Fifteen bodies have been recovered from the site of an artillery strike on a refugee bus convoy in east Ukraine, but further operations have been suspended due to renewed fighting in the area, a Ukrainian military spokesman said on Tuesday.
The Kiev military has said pro-Russian separatists attacked the convoy on Monday, killing dozens of people including women and children, but it has yet to provide visual evidence. The separatists denied responsibility, and at least one of their leaders suggested no attack had occurred.
Ukrainian forces are tightening their squeeze on the rebels as they try to end a four-month conflict that has killed more than 2,000 people and raised Western fears of Russian military intervention, despite denials from Moscow.
Military spokesman Andriy Lysenko said the 15 bodies had been recovered on Monday night from the charred wreckage of the convoy which included buses and cars, and operations had continued into Tuesday.
But he later said that further fighting in the area had brought this to a halt. “Work has now been suspended because military activity has begun again in the area,” Lysenko told a news briefing.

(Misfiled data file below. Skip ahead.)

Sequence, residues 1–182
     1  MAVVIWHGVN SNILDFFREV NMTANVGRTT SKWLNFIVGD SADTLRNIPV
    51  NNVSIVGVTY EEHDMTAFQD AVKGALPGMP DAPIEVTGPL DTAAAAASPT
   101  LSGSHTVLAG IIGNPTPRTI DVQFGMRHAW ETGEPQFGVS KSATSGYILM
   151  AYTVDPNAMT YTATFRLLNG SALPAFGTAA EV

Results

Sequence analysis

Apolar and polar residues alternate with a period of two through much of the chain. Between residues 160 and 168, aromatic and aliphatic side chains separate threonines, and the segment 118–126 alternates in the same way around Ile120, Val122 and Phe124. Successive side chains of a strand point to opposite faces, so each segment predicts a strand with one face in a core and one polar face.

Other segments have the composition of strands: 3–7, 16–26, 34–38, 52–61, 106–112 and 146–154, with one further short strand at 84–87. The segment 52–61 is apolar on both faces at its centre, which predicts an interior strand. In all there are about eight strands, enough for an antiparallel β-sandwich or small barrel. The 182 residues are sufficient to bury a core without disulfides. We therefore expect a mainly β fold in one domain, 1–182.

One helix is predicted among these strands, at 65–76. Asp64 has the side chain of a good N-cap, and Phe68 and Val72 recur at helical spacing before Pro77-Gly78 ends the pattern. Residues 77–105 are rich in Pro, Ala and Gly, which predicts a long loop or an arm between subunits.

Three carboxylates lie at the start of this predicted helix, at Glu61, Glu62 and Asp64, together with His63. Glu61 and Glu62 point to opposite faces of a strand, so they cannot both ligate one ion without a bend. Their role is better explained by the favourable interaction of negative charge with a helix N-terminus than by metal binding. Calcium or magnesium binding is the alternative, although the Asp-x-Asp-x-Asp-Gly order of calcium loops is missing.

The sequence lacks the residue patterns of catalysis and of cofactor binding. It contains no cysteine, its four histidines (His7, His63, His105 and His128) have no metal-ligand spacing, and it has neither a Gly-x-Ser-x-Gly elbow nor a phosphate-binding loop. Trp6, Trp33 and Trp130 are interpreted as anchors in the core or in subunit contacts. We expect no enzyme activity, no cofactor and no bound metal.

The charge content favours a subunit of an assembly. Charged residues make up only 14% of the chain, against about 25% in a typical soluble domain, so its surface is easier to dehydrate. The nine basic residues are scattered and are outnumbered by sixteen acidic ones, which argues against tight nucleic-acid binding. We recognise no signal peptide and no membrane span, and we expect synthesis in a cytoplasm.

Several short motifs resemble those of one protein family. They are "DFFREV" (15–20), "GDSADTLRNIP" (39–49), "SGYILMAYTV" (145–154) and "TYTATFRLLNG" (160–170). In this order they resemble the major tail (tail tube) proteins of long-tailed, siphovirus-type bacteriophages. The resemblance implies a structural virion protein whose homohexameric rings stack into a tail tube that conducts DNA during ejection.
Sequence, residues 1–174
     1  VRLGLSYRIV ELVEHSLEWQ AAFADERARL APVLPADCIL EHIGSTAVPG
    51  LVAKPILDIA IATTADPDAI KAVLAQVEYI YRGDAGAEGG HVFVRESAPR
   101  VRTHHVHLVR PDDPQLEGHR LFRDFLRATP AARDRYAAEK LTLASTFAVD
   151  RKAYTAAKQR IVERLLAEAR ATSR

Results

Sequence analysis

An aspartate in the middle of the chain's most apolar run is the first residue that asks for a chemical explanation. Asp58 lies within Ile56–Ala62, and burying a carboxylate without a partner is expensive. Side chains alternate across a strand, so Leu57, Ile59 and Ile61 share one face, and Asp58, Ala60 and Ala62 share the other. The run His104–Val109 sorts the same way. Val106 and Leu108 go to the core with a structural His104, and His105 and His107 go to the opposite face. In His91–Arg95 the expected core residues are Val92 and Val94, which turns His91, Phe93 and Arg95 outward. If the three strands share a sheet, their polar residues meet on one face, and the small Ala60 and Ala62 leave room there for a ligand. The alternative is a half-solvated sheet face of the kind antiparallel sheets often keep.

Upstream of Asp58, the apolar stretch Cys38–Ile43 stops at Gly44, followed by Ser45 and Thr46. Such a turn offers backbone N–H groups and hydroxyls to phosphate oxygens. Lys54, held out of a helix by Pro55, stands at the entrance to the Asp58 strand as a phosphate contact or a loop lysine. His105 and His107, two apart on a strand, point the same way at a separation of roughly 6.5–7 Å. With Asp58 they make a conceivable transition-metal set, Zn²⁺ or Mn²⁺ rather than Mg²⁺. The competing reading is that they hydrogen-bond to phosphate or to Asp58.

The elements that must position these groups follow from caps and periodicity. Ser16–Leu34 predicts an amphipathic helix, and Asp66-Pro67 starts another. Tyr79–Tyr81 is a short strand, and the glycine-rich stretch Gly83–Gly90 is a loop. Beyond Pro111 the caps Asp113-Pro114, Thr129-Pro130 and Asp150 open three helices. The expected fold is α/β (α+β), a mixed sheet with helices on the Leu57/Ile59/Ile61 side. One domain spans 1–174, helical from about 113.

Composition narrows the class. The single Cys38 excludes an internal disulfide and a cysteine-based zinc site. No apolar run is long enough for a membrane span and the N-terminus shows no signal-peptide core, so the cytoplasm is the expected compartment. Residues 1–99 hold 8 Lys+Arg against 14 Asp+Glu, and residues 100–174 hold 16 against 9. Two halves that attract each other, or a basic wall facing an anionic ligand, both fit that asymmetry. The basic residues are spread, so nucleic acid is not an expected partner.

Ukraine says the attack occurred near the city of Luhansk, close to the border with Russia, in an area where there were intense artillery exchanges between government forces and pro-Russian separatists.
The military said on Monday that many of those killed had been burned beyond recognition. Many bodies had been blown apart by the blast.
The U.S. State Department condemned the attack but said it could not confirm who was responsible.
“We strongly condemn the shelling and rocketing of a convoy that was bearing internally displaced persons in Luhansk … Sadly, they were trying to get away from the fighting and instead became victims of it,” State Department spokeswoman Marie Harf told a news briefing in Washington.
Government forces, after faltering in their campaign early on, have been progressively encroaching into rebel-held territory and now say they encircle Donetsk as well as Luhansk, the two main cities controlled by the separatists.
With victory potentially within reach, a ceasefire which Russia is pressing for does not seem to be to Kiev’s advantage.
Lysenko reported further progress on Tuesday, saying that government forces were now engaged with the rebels in the center of Luhansk. “One district of the town has been liberated. Fighting is going on in the central part of the town,” he said.
The industrial city has been largely cut off for weeks and is now in its 17th day without water and regular supplies of electricity, hitting mobile and landline phone connections.
A statement issued by the press service of the Luhansk municipality painted a picture of misery and fear for inhabitants. Agencies